Use Vagrant to run the Python examples

I will show you this week how to use Vagrant to run the python scripts from my examples repository without any changes on your working environment. The only thing that you need are two tools: VirtualBox and Vagrant. I think that VirtualBox is quite common today to host VMs on your laptop. Vagrant is primarily a tool to create and provision these machines based on a single configuration file. It is very useful if you need to share it e.g. for development purpose.

I committed the required files to work with Vagrant yesterday to my python example repository on GitHub. I will use these for the further explanation in this post. This repository contains also the code from my last two practical posts about Parsing CLI output with TextFSM and the Configuration generator with python and Jinja2.

Before we start with the example, lets have a closer look at Vagrant.

What is Vagrant and why use it?

Vagrant is a great tool that allows you to create an isolated test and development environment using virtual machines. It runs on Windows, Linux and Mac OS X and uses various virtualization and cloud environments. The intended use case is for developers, who need to create and share an isolated reproducible testing environment for there application.

I first discovered Vagrant when I need to deploy a Django application with some backend functionalities (task scheduler). The test on my local machines doesn’t work well, because there were so many things to consider before the application was running. I don’t want to talk about the deployment on another machine… Vagrant eliminates all these problems for me.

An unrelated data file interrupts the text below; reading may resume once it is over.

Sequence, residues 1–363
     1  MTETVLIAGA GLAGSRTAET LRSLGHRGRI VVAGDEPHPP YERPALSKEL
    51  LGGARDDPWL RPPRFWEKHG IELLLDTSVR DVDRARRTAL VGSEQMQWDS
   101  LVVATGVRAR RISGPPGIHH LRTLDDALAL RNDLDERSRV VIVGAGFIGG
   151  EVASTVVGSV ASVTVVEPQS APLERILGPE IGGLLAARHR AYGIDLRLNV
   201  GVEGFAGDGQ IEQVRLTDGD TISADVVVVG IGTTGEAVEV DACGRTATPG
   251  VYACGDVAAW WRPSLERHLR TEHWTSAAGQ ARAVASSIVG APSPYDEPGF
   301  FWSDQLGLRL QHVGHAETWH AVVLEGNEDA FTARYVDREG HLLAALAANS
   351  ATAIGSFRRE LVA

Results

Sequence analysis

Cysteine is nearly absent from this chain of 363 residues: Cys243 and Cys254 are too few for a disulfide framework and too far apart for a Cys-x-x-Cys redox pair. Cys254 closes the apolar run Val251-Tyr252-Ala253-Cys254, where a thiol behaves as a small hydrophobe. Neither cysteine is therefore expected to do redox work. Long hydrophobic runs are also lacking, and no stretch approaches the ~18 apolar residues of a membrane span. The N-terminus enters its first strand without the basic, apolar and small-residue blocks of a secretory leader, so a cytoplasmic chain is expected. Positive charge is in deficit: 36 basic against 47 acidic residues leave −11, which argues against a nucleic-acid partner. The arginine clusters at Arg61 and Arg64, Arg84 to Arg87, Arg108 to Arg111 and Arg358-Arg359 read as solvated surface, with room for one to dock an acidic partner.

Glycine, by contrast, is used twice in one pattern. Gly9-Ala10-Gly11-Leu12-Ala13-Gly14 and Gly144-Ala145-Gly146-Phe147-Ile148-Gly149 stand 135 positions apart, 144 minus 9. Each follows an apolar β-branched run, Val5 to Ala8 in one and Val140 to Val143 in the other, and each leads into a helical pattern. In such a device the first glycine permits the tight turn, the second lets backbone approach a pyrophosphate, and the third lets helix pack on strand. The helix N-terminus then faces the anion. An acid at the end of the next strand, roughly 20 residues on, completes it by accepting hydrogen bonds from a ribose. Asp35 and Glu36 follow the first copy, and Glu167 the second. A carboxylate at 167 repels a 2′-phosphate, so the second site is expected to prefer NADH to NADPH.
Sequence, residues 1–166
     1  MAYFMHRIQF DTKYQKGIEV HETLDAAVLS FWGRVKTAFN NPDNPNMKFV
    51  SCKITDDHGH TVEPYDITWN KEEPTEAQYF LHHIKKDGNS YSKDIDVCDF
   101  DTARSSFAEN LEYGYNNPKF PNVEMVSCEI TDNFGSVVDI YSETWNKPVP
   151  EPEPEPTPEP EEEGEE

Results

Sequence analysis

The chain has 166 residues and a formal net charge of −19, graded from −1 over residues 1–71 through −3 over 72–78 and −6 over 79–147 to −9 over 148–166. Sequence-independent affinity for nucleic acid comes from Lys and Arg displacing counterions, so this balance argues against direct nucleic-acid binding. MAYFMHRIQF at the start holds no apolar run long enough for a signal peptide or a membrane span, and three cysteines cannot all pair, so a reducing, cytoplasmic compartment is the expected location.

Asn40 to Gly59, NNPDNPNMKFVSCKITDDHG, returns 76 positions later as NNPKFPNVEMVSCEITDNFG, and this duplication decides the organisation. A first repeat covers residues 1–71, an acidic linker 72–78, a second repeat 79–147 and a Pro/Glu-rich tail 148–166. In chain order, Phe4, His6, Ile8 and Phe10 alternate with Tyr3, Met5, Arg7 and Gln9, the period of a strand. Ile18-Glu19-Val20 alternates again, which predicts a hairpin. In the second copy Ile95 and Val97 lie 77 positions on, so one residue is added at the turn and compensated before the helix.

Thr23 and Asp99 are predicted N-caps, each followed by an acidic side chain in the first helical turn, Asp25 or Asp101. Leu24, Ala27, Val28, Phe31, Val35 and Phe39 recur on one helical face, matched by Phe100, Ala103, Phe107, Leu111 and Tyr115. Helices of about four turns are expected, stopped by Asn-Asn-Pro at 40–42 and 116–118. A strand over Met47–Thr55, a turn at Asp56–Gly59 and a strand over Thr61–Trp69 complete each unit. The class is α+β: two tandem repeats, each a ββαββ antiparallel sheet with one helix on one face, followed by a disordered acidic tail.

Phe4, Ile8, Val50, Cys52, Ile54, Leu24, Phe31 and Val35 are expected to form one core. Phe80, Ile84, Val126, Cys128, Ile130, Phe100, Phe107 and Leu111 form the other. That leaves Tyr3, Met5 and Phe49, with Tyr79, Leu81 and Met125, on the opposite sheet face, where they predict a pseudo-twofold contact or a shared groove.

Vagrant is a free tool from Hashicorp that you can use to automatically create a virtual machine (or an entire virtual environment) on you laptop and/or external systems. The specification of the machine is expressed in a single configuration file, which contains the following main parts:

  • Definition of the base box (for me it was primary the operating system but there are also application stacks available)
  • Synced folders
  • Networking
  • Provisioning (shell scripts, Ansible playbook’s and many many more)

You can do a lot with this tool, but I will keep it simple for this post and show you how to create a Ubuntu Linux machine on your laptop. During the setup, Vagrant will also install all dependencies that are required to run the examples from the python example posts.

Installing Vagrant and download the repository

Installing Vagrant is quite easy. You can download the software for free at the Vagrant homepage. To get it working on your local system, you need a provisioner. We will use VirtualBox within this example, but you can also choose another one like VMware Fusion etc. The full list of supported provisioners is available at the Vagrant documentation.